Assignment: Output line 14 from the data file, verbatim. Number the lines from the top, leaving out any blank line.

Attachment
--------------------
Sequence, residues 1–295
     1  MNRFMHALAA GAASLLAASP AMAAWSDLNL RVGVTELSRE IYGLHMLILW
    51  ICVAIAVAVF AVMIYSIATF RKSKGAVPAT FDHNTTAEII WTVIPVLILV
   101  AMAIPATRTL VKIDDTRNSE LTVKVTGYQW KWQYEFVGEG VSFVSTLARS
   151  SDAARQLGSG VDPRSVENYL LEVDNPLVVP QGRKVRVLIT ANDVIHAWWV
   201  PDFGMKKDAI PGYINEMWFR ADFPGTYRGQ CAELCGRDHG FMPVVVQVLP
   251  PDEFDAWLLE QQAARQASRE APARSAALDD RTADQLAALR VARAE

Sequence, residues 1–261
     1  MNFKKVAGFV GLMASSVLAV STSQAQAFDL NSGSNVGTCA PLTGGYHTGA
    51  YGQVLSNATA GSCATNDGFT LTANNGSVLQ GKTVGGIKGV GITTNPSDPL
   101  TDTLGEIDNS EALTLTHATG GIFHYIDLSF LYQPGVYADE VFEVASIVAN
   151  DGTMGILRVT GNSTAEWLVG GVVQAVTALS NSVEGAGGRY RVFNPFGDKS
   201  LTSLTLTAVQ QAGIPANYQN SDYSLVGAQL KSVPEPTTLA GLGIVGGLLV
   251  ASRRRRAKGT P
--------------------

   251  ASRRRRAKGT P